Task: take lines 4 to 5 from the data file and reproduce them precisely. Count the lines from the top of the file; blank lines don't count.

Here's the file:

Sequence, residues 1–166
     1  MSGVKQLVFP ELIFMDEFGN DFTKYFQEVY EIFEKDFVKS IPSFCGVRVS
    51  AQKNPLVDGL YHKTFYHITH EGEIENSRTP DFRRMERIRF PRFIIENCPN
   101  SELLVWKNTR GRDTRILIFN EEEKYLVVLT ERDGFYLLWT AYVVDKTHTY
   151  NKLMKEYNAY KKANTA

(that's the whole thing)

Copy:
   101  SELLVWKNTR GRDTRILIFN EEEKYLVVLT ERDGFYLLWT AYVVDKTHTY
   151  NKLMKEYNAY KKANTA